* Highways & Transit-- Invests more than $35 billion in highways and mass transit. Every $1 billion of federal investments in highways creates an estimated 27,800 jobs without the state match.
* School Renovation - Spurs billions in immediate investment in school construction, rehabilitation and repair.
* Clean Water and Housing - Provides $2 billion to help communities build facilities for clean and safe water and $2 billion to help communities build, preserve, and rehabilitate affordable rental homes for very low-income households and for repairs and rehabilitation of public housing.
Hiring of Teachers, Police, Firefighters & Job Training
* Education-Includes $23 billion to help states save or create an estimated 250,000 education jobs over the next two years with an Education Jobs Fund solely focused on paying salaries.
* Police & Firefighters - Puts over 5,000 law enforcement officers on the beat and invests in hiring and retaining firefighters.
* Training - Invests about $2 billion for other hiring and training programs, that will support 25,000 more Americorps volunteers and 250,000 youth summer jobs; expand college work study jobs for 250,000 students; and support job training for 150,000 people in high growth industries, such as health care and clean energy jobs, at community colleges.
The package extends several Recovery Act initiatives to help America's small businesses create jobs:
* Eliminating fees on Small Business Administration (SBA) loans to make them more affordable for small businesses, and
* Encouraging banks to lend to small businesses by raising to 90 percent (from 85 percent) the portion of a loan that the Small Business Administration will guarantee.
Small business provisions in the Recovery Act have already supported tens of thousands of loans, helping to save or create thousands of jobs - totaling $9 billion in new small business lending since the Recovery Act's passage.
Emergency Relief to Families Hit by the Recession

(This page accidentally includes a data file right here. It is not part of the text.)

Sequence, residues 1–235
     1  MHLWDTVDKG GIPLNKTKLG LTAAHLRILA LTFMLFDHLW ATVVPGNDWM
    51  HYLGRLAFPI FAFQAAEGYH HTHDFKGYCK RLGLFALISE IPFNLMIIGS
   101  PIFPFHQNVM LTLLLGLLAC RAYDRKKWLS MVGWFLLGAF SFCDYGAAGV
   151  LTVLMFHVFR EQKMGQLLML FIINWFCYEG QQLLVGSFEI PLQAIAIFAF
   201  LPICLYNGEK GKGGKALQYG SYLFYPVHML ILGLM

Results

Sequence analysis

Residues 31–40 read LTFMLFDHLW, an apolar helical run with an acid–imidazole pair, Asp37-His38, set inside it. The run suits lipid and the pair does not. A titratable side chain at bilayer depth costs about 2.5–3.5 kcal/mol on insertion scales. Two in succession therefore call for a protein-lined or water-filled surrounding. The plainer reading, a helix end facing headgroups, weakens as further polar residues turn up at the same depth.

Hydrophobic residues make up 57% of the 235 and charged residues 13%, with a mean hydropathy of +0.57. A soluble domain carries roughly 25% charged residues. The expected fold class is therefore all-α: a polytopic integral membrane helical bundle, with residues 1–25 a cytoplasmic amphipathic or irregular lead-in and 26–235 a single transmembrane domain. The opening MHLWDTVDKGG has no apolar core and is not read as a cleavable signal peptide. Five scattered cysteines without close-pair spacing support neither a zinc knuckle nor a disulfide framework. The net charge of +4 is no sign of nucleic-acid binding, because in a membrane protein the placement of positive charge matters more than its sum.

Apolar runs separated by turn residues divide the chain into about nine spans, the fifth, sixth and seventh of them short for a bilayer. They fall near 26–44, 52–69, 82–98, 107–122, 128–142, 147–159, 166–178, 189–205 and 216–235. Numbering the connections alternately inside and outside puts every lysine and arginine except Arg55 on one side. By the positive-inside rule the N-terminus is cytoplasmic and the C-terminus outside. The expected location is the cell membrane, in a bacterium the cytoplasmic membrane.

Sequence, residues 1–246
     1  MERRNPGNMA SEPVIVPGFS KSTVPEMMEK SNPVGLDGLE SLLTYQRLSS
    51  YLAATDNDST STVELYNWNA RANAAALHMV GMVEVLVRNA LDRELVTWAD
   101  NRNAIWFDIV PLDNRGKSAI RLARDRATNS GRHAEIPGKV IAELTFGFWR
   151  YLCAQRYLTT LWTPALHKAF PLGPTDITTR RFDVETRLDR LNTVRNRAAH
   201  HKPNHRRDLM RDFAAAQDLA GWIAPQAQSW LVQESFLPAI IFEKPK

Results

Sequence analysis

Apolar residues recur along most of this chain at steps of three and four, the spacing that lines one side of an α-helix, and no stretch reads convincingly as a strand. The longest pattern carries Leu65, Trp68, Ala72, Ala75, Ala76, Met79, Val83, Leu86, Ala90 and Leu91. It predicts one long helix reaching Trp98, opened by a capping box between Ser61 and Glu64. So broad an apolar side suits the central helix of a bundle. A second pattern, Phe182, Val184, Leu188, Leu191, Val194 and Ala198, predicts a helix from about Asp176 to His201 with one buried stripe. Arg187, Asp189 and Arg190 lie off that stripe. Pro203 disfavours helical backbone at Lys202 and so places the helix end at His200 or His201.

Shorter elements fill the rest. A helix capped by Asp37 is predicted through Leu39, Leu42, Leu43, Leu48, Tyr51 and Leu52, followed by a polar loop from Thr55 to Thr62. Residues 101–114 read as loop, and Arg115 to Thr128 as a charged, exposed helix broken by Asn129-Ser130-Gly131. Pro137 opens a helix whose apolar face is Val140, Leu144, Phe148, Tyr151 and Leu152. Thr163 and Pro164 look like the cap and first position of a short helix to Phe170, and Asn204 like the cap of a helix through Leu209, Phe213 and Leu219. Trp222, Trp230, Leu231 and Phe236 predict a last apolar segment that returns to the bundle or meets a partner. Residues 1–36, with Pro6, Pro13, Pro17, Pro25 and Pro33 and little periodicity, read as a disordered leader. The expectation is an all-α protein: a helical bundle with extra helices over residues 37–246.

For those hardest hit by the Recession, the bill includes emergency relief - extending unemployment benefits and help with health benefits for those out of work. Not only does this help those families in need, but these provisions generate demand for goods and services in the economy as a whole.
* Unemployment Benefits -- Extends emergency unemployment benefits through June of 2010. The program expires at the end of the year and without an extension, roughly one million Americans will lose their emergency benefits in January 2010.
* Help with Health Insurance for Unemployed Workers (COBRA) -- Extends through June 30, 2010 a key provision to strengthen COBRA to help maintain health coverage during this downturn. (It makes these benefits available for people who were involuntarily separated from their jobs through June 30, 2010 and extends period of assistance from 9 months to 15 months.) About 7 million people benefited from this provision in the Recovery Act and hundreds of thousands who got this subsidy when it was first made available in March are currently slated to roll off the program.
* Protecting Health Care Coverage for Millions through Medicaid (FMAP) -- Extends the provisions in the Recovery Act that provide the states with additional federal matching funds for Medicaid for six months - from December 31, 2010 to June 30, 2011.
* Child Tax Credit - Cuts taxes for the families of 16 million children, by making the Child Tax Credit available to all low-income working families with children in 2010. (Under the Recovery Act, families must earn at least $3,000 in order to begin to take advantage of the $1,000 Child Tax Credit.)